Auto guru retires from Century College
- Article by: KELLY JO McDONNELL , Special to the Star Tribune
- Updated: June 5, 2012 – 3:44 PM
Century College auto instructor Tom Chall has retired after four decades of helping students become the people who help keep our cars running.
Tom Chall has been teaching at the auto shop at Century College since before they laid the concrete. When he began teaching, gas was 25 cents a gallon and a car was a glorified go-cart. “Today’s automobile has more technology than the first lunar landing to the moon! It’s just amazing,” Chall said.
Tom Chall was there when the automotive program began at Century College in White Bear Lake. He was the one who started it.
Now, 41 years and countless students-turned-mechanics later, he’s retiring. In his time at Century, Chall has seen some major changes, not only at the two-year college but in the automotive industry as a whole. He’s also been a keen observer of student behavior. With his wealth of experience, we asked him to take a look back on his tenure.
What was the price of gas when you started teaching? Twenty-five cents a gallon. I had a ’72 Vega, and when I would drive from Milwaukee, $3 would fill the tank. I could always fill the tank for under $4. The students think it’s unfathomable.
The biggest change in cars through the years? When I started, the car was like a big go-cart. It had seven more pistons than a go-cart, and seven more spark plugs. There was nothing electronic about it. Today’s automobile has more technology than the first lunar landing to the moon! It’s just amazing. … Every part of the vehicle is computer-controlled. It has changed so that the computer senses every function of the car. You could go into a slide, and it will start to correct it to take you out of the slide. The automobiles today are superior, cleaner and more efficient.
Common problems, then and now? Common problems are always the brakes, steering suspension, spark plugs. You don’t have to worry about a distributor cap — we don’t even have a distributor anymore. … Today, you get the “check engine” light that signals there’s a failure in one of the computer systems. You have to diagnose and know it, and be able to fix that in today’s cars. … The hardest thing to teach is diagnosing. Fixing is the easy part. … Only half of the students make it to the second year [of the program], and the reason is they have to score well in electrical. We can start out with 500 and end up with 75 students. Every one of my students said they never realized how complicated an automobile really was.
Accomplishment you’re most proud of? We [Century College] have the best program in the state. Our students are the proof of the pudding. When students head to a manufacturer’s training session they come back and say “wow, thanks for teaching me so well.” … My teaching colleagues are a big part of the success of the program. And they’re both former students, too!
Biggest challenge? The biggest challenge is trying to teach someone who doesn’t really want to learn. You just can’t do it. The good news is, the number of students who want to learn far outweigh the ones that don’t. It’s very satisfying to have a student who wants to work very hard, and does very well because they’re doing something they’re passionate about. If you’re passionate, you’ll be successful in life.
Philosophy on teaching? You have to know your subject matter inside and out. It’s the rubber-to-the-road reality; you just need to know your subject matter well, and share that passion. … You also have to have the ability to get complicated concepts across to people. I have 25 different ways to explain something. If you don’t get it across one way, try another way. I once had a student who would sit in the front row, and I could read his face like a sign. When he got it, his face lit up like a light bulb. You have to find a different approach until that light goes on.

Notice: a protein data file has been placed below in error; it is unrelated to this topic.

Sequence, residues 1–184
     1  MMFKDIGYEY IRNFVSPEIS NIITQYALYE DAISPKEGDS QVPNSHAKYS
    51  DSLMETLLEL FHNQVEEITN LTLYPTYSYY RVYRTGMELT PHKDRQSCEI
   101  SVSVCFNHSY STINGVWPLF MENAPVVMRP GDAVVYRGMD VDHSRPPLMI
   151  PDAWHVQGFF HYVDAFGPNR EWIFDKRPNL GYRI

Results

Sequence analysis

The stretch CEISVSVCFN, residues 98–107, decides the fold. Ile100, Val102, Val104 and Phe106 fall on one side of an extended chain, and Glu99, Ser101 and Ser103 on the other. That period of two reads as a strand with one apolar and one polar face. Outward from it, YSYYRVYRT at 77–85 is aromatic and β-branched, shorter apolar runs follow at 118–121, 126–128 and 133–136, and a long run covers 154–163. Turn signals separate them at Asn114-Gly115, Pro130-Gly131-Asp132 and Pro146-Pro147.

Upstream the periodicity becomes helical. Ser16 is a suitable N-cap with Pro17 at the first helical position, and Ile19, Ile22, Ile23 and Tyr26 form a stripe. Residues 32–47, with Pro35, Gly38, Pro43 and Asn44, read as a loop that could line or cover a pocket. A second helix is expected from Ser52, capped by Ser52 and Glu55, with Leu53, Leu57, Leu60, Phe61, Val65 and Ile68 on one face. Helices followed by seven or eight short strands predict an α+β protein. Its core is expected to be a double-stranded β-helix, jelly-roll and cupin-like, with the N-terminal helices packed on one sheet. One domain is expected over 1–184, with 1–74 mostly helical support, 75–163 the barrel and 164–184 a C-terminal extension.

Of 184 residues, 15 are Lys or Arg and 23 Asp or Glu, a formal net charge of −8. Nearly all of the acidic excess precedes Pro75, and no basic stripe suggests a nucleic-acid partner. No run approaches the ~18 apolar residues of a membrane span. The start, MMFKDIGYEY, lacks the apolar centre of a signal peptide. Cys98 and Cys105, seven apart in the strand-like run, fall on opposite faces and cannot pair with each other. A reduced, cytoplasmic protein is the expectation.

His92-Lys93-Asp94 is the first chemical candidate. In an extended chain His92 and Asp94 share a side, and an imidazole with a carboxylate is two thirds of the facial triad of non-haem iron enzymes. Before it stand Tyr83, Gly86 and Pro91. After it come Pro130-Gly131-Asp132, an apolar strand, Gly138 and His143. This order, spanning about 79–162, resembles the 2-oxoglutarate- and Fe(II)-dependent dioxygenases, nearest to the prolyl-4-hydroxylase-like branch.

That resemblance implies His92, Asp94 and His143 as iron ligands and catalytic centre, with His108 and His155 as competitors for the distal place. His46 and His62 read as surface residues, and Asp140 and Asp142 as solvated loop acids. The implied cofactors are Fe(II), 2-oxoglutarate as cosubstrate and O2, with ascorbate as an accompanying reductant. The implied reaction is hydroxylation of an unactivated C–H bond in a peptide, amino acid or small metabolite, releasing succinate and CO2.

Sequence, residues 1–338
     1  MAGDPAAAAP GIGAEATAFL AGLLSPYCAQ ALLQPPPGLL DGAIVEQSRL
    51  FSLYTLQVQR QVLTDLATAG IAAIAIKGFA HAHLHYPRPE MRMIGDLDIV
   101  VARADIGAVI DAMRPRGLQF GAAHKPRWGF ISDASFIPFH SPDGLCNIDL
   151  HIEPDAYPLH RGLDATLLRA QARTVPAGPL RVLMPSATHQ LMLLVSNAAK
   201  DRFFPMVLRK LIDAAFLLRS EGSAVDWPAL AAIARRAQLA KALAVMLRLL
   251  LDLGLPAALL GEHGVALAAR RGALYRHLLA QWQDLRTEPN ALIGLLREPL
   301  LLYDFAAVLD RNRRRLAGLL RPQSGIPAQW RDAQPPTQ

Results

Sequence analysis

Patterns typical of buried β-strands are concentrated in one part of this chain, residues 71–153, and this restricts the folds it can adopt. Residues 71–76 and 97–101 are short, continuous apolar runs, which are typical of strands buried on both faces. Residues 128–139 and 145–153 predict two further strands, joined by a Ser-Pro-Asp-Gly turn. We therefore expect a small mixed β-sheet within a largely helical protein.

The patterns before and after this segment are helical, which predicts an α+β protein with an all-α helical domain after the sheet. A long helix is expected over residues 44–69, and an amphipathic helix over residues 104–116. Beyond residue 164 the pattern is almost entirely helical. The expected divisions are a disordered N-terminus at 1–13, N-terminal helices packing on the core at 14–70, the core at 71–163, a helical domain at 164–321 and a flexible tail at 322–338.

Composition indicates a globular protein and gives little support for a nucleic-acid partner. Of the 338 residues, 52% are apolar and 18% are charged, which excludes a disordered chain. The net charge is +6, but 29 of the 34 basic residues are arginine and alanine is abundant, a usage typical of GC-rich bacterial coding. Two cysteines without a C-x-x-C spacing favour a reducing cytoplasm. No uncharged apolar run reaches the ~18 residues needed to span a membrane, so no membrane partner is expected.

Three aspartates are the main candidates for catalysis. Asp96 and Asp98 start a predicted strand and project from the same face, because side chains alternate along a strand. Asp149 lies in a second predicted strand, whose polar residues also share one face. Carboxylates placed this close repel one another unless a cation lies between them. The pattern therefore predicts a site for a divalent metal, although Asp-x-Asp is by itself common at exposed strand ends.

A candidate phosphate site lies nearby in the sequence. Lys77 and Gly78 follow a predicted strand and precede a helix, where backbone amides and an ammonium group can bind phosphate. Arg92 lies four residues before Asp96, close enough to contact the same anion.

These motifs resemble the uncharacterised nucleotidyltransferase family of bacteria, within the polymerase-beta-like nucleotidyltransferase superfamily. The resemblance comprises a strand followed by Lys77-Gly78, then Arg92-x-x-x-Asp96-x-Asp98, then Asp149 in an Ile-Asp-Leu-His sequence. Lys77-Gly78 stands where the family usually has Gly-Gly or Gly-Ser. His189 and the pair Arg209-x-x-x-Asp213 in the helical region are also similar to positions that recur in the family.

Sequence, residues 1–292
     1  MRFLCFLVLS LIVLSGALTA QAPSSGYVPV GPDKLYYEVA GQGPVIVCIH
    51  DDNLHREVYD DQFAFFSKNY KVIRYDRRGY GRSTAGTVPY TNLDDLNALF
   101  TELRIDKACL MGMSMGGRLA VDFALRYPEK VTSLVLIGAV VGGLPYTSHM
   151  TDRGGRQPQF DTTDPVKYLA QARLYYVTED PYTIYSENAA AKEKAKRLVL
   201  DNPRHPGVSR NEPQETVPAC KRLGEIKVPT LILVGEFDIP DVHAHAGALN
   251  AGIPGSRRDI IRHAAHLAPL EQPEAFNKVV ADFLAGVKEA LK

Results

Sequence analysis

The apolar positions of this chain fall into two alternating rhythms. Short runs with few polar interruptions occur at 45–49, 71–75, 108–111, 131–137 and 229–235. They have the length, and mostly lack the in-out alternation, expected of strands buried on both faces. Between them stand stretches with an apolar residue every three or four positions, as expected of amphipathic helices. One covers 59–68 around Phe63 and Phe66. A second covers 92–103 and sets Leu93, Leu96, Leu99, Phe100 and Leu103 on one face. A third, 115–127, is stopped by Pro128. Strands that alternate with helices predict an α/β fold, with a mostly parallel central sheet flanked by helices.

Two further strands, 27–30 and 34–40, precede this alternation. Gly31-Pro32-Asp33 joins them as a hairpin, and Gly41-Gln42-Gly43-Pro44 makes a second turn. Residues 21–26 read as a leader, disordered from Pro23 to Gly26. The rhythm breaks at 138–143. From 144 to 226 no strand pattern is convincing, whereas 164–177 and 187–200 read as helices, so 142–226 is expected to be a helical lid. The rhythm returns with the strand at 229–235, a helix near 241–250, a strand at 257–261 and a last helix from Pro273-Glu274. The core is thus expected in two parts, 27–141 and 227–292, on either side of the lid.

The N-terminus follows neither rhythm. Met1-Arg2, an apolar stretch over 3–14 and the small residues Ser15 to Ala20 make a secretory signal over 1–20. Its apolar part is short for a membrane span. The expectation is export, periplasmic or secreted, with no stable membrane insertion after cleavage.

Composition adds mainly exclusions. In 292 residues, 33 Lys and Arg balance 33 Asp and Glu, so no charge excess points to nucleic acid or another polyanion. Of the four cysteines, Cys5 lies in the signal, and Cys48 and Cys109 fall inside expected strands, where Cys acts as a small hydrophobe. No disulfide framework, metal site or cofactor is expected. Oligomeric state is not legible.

Favorite memory? When students share with me that “you’ve been more of a dad to me than my dad.” That’s happened on a couple of occasions. We have some students in the program that have been down a tough road. That’s another part that’s rewarding … to see someone pull themselves up by their bootstraps, give them a trade so they can make money, and deal with the ex-con stereotype. Some turn their life around. As a teacher, you can be a big part of that.
Funniest memory? Around 10 or 15 years ago we had gotten in a fast car and I asked one of the security guards if he wanted to ride in “my new car.” College was over with, so we went out and did burnouts in the back parking lot. When we were in the car, the security officer’s phone rings, and it was one of the administrators saying there was this black Camaro doing burnouts in the back. The security guy said he was right on top of it, and put his hand out the window and waved at the administrator. It was extremely hilarious. He handed me the phone and I invited [the administrator] to come down, too. I’ll chuckle about that one for the restof my life.
Retiring after 40-plus years – now what? My wife, Pam, and I are blessed with a beautiful house on the lake, and we have three grown children. I do love to boat, and I have a brand-new pontoon. But if you have a gift, you have to give it away; you can’t just hoard it. I’m working on some outboards for some friends and neighbors. I also will do more church volunteer work. I’ve spent a whole lifetime at Century College. Right now, our automotive program is the best in the state. And I run into students everywhere now! If I’m in Florida getting off a plane, I run into a student. If I’m in Montana, I run into a student. Or boating at Cross Lake, I run into a student. It makes you feel proud.